Uyghur Christians are a rare find in Xinjiang, making up less than 2% of this primarily Muslim people group. Although Uyghur as a whole aren’t very devout, Islam is such an integral part of their identity that conversion is very rare.
Unfortunately what isn’t as rare is China’s paranoid attitude toward religion in Xinjiang. When I say “China” I mean the security bureau and to their credit they aren’t biased toward any particular religion. Each one sadly presents its own threats to national security.
Kashgar Christian Sentenced to 15 Years
The Shanghaiist website has picked up on a story that I’ve been reading about with interest over the last few months. A Uyghur Christian named Alimjan Yimit was sentenced to 15 years in prison late last year and was recently allowed to visit with his wife and son for the first time in 2 years.
Alimjan Yimit was initially arrested for his religious activity but was later charged with “selling state secrets” (which is similar in ambiguity to the American phrase “irreconcilable differences”). What secrets, you ask? He conducted a couple interviews with foreign media.
His case has been called “arbitrary” by the UN’s Working Group on Arbitrary Detention and was listed as the “Top 10 Cases of Religious Persecution in China” by China Aid.
Christianity in Xinjiang
Many people don’t realize that there are government-approved Christian churches in Xinjiang’s capital of Urumqi. I have personally been inside and sat in on a couple services. According to Chinese law, the government is supposed to supply registered religious organizations with a plot of land and a building in which to meet. Key word: registered.
The ambiguous maze of legality in China is difficult for Christians, both Uyghur and Han, to navigate. Activities such as distributing religious materials and intending to convert people to Christianity violate laws in all of China, but since in Xinjiang the stakes are higher the enforcement of these laws tends to be more strict.
The Problem for Uyghur Christians
The problem for Uyghur Christians is how all of this – society and the law – work against them. Conversion for a Uyghur, as with many Middle-Eastern peoples, usually results in friction with or abandonment by the family. When they lose their families they must look elsewhere to find support and like-minded believers.
Unfortunately, because of fear between the Han and Uyghur, their presence in a government-approved church is difficult. Racial tension aside, none of the material or services in these churches are offered in the Uyghur languages (at least from what I have personally witnessed).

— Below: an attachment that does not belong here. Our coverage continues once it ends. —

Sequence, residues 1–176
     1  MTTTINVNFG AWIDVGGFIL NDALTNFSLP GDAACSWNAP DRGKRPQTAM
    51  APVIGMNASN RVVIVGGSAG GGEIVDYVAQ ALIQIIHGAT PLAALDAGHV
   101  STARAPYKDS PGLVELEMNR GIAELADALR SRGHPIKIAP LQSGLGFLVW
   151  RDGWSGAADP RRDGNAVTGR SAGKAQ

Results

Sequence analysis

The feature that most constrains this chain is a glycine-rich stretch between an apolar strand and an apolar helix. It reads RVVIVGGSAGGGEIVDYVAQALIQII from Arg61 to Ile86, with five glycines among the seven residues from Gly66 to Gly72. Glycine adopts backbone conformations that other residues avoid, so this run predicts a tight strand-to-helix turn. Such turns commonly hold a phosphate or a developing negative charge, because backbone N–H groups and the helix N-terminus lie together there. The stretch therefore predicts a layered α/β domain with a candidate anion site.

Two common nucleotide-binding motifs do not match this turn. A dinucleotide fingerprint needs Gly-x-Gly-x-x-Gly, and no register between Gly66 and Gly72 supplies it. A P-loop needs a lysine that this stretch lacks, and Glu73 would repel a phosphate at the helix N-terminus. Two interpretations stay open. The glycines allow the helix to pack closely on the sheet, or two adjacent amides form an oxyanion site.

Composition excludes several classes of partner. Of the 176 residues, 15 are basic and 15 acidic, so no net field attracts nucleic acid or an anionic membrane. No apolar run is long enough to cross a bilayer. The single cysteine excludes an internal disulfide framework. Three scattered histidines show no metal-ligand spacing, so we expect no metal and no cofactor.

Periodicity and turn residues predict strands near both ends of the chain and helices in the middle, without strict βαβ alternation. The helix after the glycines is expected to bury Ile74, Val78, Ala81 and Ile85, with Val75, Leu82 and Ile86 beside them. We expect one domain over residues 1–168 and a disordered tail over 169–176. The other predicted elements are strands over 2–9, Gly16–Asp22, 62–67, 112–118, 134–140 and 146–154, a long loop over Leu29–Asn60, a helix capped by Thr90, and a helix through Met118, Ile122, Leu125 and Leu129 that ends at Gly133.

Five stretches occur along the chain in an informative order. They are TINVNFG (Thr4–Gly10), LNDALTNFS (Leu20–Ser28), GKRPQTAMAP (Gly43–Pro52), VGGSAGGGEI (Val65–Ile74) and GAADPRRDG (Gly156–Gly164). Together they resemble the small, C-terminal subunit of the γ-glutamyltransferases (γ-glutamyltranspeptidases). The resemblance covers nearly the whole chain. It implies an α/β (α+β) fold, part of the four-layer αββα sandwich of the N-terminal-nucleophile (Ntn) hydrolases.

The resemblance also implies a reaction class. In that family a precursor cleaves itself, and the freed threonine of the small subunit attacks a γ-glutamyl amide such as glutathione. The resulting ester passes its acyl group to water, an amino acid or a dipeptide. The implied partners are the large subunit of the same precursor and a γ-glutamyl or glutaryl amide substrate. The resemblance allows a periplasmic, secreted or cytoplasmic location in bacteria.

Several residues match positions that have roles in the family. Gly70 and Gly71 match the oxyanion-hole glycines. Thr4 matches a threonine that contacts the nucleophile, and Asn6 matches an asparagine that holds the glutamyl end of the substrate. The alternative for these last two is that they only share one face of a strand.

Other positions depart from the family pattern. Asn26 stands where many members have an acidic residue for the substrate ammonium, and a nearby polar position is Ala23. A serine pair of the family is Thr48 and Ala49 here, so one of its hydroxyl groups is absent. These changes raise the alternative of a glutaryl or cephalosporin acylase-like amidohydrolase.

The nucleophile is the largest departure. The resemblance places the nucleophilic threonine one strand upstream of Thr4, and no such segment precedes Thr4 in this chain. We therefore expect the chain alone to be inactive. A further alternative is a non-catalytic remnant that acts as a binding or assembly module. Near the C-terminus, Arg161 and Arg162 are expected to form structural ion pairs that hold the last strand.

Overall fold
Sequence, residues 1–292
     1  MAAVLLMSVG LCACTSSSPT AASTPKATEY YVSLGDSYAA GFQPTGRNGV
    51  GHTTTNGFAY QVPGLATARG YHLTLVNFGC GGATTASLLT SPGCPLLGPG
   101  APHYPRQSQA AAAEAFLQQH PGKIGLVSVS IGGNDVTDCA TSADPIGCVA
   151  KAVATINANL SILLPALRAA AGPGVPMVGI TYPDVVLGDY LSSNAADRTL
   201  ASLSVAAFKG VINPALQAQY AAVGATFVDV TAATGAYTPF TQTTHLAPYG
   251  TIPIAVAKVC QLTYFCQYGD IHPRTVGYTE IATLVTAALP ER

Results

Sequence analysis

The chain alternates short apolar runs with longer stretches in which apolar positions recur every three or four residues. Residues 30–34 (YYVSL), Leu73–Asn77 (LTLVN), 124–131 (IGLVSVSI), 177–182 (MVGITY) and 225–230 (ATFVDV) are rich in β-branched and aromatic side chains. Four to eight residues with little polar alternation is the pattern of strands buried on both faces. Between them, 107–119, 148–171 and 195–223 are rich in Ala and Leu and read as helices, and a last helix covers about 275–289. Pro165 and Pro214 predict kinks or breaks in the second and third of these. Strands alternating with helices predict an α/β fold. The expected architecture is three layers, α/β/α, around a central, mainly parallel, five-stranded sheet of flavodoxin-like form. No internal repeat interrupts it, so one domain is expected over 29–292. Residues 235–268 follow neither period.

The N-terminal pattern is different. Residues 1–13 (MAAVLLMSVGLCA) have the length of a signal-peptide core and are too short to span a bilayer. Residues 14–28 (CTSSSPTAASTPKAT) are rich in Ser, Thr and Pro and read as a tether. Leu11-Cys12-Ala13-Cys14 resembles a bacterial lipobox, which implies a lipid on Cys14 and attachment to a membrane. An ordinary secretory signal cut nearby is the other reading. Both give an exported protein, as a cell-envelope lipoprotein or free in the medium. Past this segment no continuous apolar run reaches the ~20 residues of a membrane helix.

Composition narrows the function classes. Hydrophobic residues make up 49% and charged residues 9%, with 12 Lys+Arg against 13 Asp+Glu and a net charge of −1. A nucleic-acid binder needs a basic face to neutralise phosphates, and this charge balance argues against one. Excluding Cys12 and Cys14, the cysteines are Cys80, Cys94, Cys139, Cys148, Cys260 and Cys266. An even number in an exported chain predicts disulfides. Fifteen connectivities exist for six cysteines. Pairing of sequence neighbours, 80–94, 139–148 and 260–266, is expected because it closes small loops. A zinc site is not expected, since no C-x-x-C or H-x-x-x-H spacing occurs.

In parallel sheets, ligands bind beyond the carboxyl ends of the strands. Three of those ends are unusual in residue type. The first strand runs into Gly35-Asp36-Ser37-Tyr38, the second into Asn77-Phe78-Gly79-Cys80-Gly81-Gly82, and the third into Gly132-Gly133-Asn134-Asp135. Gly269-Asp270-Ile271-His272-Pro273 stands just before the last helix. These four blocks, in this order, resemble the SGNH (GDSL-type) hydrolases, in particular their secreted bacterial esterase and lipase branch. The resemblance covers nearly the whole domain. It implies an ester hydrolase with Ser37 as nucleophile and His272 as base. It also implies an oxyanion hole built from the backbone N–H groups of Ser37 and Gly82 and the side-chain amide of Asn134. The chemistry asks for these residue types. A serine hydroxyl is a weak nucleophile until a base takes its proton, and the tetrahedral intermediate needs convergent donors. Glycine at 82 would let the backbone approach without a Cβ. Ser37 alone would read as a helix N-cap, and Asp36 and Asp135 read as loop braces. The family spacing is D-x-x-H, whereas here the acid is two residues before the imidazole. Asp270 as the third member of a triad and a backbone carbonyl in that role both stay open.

Finally, to try to convert their friends is against Chinese law. Such was the case for Alimjan Yimit who was the leader of a house church in Kashgar. The result of this unfortunate situation is 15 years in a Urumqi jail with only monthly visits from his wife and two kids.
What does China fear about religion? I’m still not entirely sure, but I do believe that China is making the same mistakes it has by cutting the internet. They are taking bold measures against certain expressions of freedom in the name of security that in the end are turning many citizens of Xinjiang into cynics.
Sources & Extended Reading:
- Joshua Project: Uyghur of Ethnic China
- Christian News Wire: Uyghur Church Leader Sentenced to 15 Years Criminal Detention
- ChinaAid: Gulinuer, Wife of Uyghur Christian Alimujiang Yimiti, Petitions for Prayer
- 10 Breathtaking China Landscapes in Xinjiang - November 13, 2019
- 20 Best Xinjiang Books | Travel, History & Uyghur Culture - November 6, 2019
- Best VPN for China 2019 (that still works despite the ban) - November 1, 2019
- Kashgar Traveler’s Guide | What to See and Do - October 30, 2019
- Best Uyghur Food Recipes from Xinjiang, China - October 16, 2019
- How to Make Uyghur Bread from Xinjiang - October 9, 2019
- Top 5 Places to See in Turpan, Xinjiang - September 4, 2019
- How I Use Gmail in China (despite it being blocked) - August 20, 2019
- Best China Visa Service for US Travelers - August 13, 2019
- Learn Uyghur | Ultimate Guide to Available Resources - July 24, 2019